Thursday, Oct 19, 2017
Telecoms & ICT | Africa | Ethiopia

Ethio Telecom

Awards, profits and subscribers call global attention


2 years ago

Andualem Admassie Abate, CEO of Ethio Telecom
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Andualem Admassie Abate

CEO of Ethio Telecom

Ethio Telecom ranked as the second biggest operator in Africa and 38th in the world, according to the 2015 GSMA intelligence quarterly report. Internationally awarded for its quality and service, it is gaining 2.5 million new customers every month and last year’s profits topped $1 billion. CEO Andualem Admassie Abate discusses the operator’s milestone achievements, its rapid growth, new strategy, and where it’s headed next.

 

What role does Ethio Telecom play in Ethiopia’s GTP and in its astonishing growth?

The government has allowed us to work as a private sector company to serve our customers with a sense of urgency and to be customer centric. This is the philosophy of a private sector company. The telecom sector is the enabler of the country’s economic growth. Countries with investment in telecom and transport sectors are booming. This is how the rest of the world works.

We are in everybody’s pocket and we affect everyone’s life. We affect everyone’s work, everyone’s business and every sector. If telecoms are not working accordingly, then people are complaining, and that’s how they know whether I’m doing my job or not. Then businesses, investors and exporters get affected. If they lose communication for one day they will lose their business. And if you don’t deliver – others will. Therefore, if you face connectivity problems in your factory then you lose your market. It may take years or months to regain a customer and so this is a very, very sensitive sector.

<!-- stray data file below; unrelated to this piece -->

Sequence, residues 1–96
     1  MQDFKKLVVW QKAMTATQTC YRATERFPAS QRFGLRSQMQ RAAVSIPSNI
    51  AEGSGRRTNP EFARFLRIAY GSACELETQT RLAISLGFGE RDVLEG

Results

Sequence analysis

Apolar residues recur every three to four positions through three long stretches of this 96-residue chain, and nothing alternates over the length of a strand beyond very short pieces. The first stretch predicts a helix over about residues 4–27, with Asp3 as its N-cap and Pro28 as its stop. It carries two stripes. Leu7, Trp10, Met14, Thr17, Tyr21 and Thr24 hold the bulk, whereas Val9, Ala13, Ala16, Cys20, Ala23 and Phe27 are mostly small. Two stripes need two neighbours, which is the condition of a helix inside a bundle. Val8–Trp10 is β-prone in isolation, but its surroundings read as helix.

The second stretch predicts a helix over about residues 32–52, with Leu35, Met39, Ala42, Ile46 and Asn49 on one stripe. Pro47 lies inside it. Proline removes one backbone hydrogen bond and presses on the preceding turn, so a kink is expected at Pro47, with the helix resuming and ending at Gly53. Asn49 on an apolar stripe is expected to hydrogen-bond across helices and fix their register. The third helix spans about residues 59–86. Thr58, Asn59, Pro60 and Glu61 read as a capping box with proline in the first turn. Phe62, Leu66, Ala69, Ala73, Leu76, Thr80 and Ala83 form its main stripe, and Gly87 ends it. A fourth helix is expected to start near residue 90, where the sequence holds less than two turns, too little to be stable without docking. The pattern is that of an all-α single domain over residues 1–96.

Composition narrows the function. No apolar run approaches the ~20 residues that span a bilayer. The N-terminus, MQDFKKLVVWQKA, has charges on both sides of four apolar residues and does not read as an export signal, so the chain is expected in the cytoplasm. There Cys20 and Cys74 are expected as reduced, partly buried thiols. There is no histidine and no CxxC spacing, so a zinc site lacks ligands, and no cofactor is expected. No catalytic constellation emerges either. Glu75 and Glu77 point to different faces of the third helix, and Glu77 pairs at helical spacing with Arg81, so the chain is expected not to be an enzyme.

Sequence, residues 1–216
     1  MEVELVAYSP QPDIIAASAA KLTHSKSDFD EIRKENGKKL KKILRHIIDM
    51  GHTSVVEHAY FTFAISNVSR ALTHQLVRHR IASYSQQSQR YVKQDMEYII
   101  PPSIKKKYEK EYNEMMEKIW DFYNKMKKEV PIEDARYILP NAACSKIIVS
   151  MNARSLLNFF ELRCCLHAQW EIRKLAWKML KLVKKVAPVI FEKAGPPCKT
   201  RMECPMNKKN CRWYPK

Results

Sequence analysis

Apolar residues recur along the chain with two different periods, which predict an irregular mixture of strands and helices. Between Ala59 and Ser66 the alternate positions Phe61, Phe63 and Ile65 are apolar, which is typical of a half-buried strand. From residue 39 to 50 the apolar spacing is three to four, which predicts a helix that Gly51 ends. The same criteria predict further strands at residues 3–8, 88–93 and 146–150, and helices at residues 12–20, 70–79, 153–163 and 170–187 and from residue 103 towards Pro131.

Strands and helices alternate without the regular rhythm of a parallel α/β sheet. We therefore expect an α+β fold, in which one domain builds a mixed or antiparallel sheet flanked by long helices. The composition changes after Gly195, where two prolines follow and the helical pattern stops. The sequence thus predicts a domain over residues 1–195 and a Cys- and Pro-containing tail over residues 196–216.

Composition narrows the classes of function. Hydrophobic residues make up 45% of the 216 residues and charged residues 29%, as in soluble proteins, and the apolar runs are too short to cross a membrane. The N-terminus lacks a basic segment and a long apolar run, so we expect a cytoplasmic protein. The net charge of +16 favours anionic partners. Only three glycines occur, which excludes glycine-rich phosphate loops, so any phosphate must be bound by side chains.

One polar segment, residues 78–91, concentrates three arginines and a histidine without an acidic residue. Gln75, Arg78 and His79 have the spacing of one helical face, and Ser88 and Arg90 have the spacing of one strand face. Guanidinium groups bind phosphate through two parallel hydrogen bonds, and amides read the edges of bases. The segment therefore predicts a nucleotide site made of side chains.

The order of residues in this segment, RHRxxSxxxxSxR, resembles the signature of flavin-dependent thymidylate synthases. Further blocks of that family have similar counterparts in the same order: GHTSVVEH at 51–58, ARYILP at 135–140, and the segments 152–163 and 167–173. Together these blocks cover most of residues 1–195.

Research shows that if we increase broadband coverage by 10% it can contribute 1.3% to the GDP of the country. This is the impact of this sector. Ethiopia’s GDP is growing by 11%. If I work to increase the broadband coverage by 20%, then I will increase the growth from 11% to 13.6%. Its contribution to the GDP is immense, so it has an impact on the economy. Whatever sector you name – we are there. Imagine if someone is in an emergency and can’t call an ambulance in a rural area. It is not just a matter of economic growth but also a matter of saving or losing lives.

 

During the first GTP you managed to achieve 90% of the set targets. Your gross profit grew in the 2014/15 fiscal year by 4 billion birr ($190m) to reach 21.5 billion birr ($1bn). What would you highlight as key to achieving this great performance and what are you expecting in the GTP’s second phase?

We successfully achieved all our targets of the GTP 1, with the exception of the fixed lines. We have tripled the subscriber base for mobile broadband. Five years ago we had 6 million subscribers whereas now we have up to 40 million customers. In the present days we are acquiring almost 2.5 million new customers every month. According to the GSMA intelligence quarterly report of 2015 Ethio Telecom ranked second biggest operator in Africa and 38th in the world. This success also gives us the chance to serve our customers better.